The service has some unnecessary Windows-like flaws. As well as that belated skip error, we also found occasions when we'd fail to download a photo from the web version to our Macs because of "403 That's an error." There'd be some unintelligible words and then "Forbidden. That's all we know." We're not programmers, but even we think it might be an idea to check whether someone's logged in before you chuck a forbidden 403 error at them.

To be fair, we're not clear how we were logged out when we were still viewing an image, but we were. Actually, we've had that happen a lot with Gmail, especially since we started having multiple accounts, and none of this warms us to Google. And that's before we get to the privacy issue (stay tuned).

What does of course warm us to it is how Google is pretty much unparalleled in search. We've heard of Bing, but still, Google is the one to beat in this field. Google Photos promises much in this line too. So far, it's not delivering as well as advertised, though: we're hoping this is down to teething issues, but Google does say that not all services are available everywhere. Testing it here in the UK, for instance, we don't have the promised Faces search, wherein it identifies a person and displays all the photographs you have with them in. Like (Apple's) Photos does.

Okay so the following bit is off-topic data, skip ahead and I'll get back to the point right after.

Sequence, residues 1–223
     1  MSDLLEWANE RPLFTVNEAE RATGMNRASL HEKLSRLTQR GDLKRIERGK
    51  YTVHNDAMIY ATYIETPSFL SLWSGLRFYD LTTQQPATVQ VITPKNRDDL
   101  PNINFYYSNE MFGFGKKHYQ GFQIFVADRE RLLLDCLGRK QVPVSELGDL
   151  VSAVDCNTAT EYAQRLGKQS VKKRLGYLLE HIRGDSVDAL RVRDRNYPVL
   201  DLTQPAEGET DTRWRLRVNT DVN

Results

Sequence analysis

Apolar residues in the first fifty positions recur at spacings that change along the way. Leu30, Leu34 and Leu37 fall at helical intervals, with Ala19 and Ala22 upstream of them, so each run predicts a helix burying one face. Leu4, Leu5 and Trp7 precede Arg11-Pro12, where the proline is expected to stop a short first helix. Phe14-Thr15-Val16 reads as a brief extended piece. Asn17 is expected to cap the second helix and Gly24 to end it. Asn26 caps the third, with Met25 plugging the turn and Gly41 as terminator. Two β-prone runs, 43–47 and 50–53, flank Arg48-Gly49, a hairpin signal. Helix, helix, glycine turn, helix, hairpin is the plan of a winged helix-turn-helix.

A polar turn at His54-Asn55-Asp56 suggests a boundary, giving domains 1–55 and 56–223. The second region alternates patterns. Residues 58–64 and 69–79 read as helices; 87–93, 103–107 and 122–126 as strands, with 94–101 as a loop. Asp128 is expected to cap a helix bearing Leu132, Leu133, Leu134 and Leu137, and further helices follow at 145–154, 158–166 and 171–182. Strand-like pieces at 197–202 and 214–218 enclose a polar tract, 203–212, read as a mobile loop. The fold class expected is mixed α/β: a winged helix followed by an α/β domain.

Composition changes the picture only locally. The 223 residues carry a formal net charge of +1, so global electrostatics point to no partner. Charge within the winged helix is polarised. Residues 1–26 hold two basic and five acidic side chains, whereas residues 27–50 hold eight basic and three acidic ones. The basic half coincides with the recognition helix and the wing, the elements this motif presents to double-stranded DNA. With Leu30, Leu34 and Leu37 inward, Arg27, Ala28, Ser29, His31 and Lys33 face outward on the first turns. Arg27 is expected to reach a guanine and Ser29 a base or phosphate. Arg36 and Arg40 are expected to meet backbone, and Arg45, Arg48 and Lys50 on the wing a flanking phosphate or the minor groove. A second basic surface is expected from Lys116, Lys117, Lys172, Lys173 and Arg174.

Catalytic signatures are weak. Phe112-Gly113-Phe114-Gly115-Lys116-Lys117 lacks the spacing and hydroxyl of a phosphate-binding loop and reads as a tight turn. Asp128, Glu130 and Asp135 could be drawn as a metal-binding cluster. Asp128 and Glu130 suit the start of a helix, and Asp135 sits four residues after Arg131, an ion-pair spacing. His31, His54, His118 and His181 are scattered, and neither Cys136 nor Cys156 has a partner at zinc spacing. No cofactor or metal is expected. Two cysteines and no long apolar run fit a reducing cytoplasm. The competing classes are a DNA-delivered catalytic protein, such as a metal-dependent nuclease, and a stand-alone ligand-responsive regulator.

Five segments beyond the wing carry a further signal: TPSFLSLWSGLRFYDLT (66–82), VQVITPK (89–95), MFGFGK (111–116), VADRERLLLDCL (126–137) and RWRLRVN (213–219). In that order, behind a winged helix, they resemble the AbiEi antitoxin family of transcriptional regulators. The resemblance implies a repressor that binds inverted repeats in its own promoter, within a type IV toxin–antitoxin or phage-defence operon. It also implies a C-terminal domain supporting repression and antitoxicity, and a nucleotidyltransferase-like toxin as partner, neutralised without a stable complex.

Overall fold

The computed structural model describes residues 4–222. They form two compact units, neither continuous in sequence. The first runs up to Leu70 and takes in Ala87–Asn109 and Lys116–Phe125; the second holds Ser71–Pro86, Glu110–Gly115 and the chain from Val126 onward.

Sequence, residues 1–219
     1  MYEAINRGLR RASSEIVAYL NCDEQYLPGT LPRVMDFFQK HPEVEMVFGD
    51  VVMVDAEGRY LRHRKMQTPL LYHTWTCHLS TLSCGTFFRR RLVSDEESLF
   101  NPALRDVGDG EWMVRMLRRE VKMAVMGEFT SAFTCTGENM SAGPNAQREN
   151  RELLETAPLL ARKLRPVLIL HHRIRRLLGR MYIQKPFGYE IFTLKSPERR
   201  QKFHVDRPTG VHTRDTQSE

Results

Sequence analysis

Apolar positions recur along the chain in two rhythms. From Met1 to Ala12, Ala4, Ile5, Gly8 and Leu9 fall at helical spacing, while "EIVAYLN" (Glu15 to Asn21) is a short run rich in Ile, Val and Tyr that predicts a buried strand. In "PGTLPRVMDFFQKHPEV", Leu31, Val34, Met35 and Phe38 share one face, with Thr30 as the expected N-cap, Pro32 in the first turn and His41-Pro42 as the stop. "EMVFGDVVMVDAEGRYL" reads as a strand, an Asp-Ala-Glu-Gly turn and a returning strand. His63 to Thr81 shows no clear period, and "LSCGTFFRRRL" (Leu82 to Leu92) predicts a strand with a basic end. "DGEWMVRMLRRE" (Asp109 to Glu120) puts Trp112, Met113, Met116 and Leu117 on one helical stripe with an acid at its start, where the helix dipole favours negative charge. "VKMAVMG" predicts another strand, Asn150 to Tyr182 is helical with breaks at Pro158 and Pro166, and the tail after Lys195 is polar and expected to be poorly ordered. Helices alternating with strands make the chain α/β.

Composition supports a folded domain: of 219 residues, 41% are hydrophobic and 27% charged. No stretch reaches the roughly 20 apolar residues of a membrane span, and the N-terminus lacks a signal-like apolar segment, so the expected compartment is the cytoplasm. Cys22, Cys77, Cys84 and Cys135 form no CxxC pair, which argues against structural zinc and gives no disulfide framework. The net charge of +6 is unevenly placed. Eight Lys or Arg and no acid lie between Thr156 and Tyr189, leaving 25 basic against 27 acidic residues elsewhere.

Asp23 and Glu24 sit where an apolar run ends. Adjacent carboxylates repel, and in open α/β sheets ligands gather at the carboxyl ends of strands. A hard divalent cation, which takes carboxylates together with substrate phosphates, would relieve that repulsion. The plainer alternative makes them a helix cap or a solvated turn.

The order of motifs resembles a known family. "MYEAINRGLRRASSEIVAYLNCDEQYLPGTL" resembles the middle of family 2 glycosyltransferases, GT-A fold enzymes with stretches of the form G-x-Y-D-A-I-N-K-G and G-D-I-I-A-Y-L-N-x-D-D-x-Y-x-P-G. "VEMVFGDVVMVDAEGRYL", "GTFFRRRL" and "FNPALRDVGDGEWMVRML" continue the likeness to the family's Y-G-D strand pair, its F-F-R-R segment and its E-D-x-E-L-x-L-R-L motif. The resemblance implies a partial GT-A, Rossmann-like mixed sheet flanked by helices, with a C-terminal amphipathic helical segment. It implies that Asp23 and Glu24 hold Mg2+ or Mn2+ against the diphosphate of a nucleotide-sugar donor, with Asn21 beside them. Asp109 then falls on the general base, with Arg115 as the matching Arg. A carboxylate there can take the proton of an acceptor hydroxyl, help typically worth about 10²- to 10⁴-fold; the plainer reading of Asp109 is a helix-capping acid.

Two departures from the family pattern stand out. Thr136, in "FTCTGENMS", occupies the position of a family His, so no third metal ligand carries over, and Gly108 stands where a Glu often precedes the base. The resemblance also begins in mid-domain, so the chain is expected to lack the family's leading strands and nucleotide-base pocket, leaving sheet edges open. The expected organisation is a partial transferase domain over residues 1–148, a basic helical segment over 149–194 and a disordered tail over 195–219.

We do have Places and Things. Google Photos correctly identified which of our shots were in London and Paris, for example, and it even told us we'd been somewhere we'd never heard of in the States -- and it was right. Google was right, we were wrong. That's a little scary.

With Things, it told us about food we'd photographed, and posters we'd taken shots of, and there it was sometimes wrong -- so we feel a little better.

You don't mind errors in content like this: the fact that this shot was an accidental one of gravel in a garden and not muesli seems fine. What feels less fine, what feels like an actual problem, is when the errors are in what ought to be unmistakeable data. We have many photos that are displayed with yesterday's date -- the date we uploaded them -- instead of when they were taken. That's not a setting we chose: some photos are right, some are not and it isn't consistent.